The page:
Re: ality

From: Dace (
Date: Fri Feb 22 2002 - 00:34:48 GMT

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    From: "Dace" <>
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    Subject: Re: ality
    Date: Thu, 21 Feb 2002 16:34:48 -0800
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    > >As I've stated, memory involves reconstruction for the very simple reason
    > >that the past has no spatial or material existence. We have to recreate
    > >the appearance of recollected events. We go "back in time" in our
    > >minds, not our bodies. If, on the other hand, memories are stored in the
    > >brain, our recall should be as precise and accurate as a computer
    > >retrieving data. That our memories are reconstructed is a problem for
    > >the mechanistic view, not mine.
    > This is the kind of oversimplified assertion that you constantly make.

    Another pointless insult. And you accuse me of speaking from emotions?

    > Of course there are possible explanations for mistakes in memory. If
    > memories are stored as changes in threshold levels of neural receptors
    > they could be subject to modification due to a large variety of sources.
    > The simple fact that the molecules in cell membranes get replaced over a
    > period of time could cause easily cause this. The fact that memory would
    > be operating near the quantum level means that is likely to have an
    > inherent error factor similar to the way that errors in DNA replication
    > occur.

    It's far worse than you realize. Neuronal connections are in constant flux.
    The brain is incapable of statically storing data. Yes, this would indeed
    explain why the brain can't seem to get our memories straight. But if it's
    utterly unlike a computer, why continue assuming it stores data?

    If the brain is built to store data, it ought to do it well. After all, we
    humans took only a few decades to build a device that does it extremely
    well. When you start coming up with reasons why it wouldn't do a very good
    job of it, you're undermining your position. You're making my argument for
    me. Of course the brain would do a lousy job of storing information. That's not what it's built for.

    > I don't think I misstated your hypothesis here. You go back in time in
    > your mind. So how do people make mistakes? However you feel like
    > phrasing it just answer the question. Where do the mistakes come
    > from?

    Already answered. Consult the top of the post.

    > >Memory is the recollection of the past. That's what it has always meant.
    > >To remember something is to bring the past back, not materially but
    > >mentally. When you have to look up information on a past event, then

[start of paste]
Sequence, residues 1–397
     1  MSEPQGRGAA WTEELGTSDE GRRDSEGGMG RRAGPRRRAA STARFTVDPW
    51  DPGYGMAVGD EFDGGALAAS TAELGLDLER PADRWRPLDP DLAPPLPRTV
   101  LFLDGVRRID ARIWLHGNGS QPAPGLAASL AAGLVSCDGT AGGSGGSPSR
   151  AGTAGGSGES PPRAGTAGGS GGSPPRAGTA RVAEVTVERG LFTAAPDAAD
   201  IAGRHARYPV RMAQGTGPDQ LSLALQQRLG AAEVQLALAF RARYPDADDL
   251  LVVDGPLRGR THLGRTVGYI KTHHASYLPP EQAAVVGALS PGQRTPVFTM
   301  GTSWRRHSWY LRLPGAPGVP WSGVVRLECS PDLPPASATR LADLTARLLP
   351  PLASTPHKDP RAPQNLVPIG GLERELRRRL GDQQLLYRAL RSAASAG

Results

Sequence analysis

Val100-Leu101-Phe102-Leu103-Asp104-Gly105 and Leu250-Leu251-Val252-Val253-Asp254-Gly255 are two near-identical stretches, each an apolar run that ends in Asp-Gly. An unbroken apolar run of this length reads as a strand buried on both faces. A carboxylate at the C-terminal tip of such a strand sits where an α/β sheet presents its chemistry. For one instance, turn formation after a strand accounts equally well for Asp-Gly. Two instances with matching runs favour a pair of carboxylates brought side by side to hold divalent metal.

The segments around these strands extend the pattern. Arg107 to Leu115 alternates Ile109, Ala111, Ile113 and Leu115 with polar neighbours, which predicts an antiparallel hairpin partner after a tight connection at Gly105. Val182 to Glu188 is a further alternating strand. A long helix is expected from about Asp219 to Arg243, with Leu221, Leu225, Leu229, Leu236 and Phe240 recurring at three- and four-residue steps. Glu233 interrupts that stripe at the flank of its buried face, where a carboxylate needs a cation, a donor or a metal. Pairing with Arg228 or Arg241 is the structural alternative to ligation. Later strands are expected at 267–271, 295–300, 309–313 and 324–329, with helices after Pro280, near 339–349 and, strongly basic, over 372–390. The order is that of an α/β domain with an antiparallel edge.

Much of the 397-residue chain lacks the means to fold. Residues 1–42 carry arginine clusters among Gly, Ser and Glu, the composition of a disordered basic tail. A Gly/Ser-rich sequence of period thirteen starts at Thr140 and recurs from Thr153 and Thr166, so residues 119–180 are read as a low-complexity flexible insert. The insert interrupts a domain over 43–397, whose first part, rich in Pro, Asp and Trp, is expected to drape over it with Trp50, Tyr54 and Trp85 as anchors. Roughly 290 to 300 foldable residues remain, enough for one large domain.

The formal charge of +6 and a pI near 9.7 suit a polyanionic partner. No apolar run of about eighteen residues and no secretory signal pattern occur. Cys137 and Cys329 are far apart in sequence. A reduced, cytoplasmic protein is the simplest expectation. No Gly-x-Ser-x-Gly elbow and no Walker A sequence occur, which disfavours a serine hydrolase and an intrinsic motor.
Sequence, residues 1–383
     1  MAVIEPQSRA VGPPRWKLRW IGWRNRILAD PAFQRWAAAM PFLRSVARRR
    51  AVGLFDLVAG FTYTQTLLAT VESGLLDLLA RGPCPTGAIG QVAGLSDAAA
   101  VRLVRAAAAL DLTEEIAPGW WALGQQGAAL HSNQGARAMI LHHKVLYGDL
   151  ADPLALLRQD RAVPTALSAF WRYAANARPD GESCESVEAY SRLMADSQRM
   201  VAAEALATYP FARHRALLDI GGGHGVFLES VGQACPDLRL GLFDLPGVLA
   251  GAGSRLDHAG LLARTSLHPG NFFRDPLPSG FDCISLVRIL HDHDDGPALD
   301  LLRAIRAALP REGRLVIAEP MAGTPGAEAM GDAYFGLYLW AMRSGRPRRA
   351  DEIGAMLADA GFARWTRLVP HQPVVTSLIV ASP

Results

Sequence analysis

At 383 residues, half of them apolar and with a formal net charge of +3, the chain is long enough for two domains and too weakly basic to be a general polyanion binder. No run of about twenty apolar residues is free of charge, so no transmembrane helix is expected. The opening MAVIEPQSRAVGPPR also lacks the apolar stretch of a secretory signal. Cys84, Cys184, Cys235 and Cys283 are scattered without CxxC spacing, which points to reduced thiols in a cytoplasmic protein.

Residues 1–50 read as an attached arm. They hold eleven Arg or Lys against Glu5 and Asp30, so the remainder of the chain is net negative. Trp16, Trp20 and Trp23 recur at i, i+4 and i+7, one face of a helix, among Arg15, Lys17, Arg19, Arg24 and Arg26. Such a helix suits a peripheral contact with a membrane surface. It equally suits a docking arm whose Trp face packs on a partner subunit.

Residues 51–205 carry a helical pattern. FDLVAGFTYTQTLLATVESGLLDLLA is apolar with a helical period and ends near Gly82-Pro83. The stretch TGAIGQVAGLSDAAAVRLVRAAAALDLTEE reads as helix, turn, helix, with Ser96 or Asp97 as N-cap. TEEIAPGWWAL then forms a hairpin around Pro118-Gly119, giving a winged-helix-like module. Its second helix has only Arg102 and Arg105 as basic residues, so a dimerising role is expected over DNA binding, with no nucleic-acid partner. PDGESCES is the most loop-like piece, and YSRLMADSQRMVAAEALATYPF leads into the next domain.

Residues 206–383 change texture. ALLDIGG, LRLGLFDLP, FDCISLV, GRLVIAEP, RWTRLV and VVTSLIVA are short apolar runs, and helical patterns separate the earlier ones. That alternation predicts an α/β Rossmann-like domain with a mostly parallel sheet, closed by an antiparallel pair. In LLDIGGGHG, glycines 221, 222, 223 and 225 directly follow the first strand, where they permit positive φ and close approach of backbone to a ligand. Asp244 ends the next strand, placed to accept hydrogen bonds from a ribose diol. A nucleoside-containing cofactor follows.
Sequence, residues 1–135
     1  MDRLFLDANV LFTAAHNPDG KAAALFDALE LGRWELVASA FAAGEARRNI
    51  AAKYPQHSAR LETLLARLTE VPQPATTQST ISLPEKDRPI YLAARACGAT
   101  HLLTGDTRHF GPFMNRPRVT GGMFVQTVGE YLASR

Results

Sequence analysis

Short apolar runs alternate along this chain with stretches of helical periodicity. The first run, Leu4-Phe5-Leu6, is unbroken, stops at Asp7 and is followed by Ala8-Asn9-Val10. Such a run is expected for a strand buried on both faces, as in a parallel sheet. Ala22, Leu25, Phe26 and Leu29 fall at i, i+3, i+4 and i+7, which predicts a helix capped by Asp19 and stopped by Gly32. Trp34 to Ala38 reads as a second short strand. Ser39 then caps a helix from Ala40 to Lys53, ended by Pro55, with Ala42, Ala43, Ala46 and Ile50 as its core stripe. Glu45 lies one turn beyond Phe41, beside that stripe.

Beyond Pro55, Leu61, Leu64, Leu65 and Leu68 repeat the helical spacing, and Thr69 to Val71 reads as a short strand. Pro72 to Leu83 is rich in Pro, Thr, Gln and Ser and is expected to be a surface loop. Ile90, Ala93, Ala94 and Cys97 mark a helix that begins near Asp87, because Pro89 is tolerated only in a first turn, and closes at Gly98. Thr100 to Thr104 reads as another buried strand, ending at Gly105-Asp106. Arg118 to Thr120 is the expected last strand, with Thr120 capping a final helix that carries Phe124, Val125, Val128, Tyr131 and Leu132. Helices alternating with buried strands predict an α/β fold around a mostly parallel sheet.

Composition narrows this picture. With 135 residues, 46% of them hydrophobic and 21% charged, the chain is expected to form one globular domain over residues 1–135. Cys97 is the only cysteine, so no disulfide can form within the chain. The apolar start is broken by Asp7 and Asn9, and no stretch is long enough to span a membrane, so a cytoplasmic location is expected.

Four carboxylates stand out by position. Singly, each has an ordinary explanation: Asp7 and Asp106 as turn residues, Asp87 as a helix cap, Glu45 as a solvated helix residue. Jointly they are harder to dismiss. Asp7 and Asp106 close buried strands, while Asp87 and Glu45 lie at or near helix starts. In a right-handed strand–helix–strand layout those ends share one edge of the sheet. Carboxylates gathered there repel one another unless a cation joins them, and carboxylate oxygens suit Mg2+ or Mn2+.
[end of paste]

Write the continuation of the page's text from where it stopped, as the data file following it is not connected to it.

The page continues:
> >clearly you're not remembering it. This applies whether you look it up
    > >in a book or your brain. Either way, it's data, not memory.
    > Once again this is your definition. You have no difference here other
    > than your reliance on the mind looking up memories in time.

    This is a bizarre reformulation of the traditional, *universal* definition of memory. The mind doesn't look up memories in a static, data storage system called "time." To remember is to restore the past into present consciousness. There's no informational intermediary.

    > It's circular logic. Since memories are caused by the mind looking
    > backward in time they are not the same as data. Since the mind has
    > mind has memories it must be able to look backward in time.

    If the mind has memories, then it re-presents past experiences. According to the mechanistic theory, the mind has no genuine memories, only data, which are carelessly referred to as "memories." It's an Orwellian shift in language, preventing even the possibility of understanding since the word we traditionally used for it has been redefined into something else.

    > >It's a question of logic. The brain is a physical object. The mind and
    > >its properties are self-evidently not physical. Yet, just as clearly, there
    > >is no mind without a brain. Thus the brain facilitates the mind without
    > >containing it.
    > You've just restated your original hypothesis and inferred that since the
    > mind exists there must be a connection. Just explain how the actual
    > neurons do it. If they facilitate it then how?

    No one knows how the brain facilitates mental existence. However, we can easily demonstrate, a priori, that it does so.


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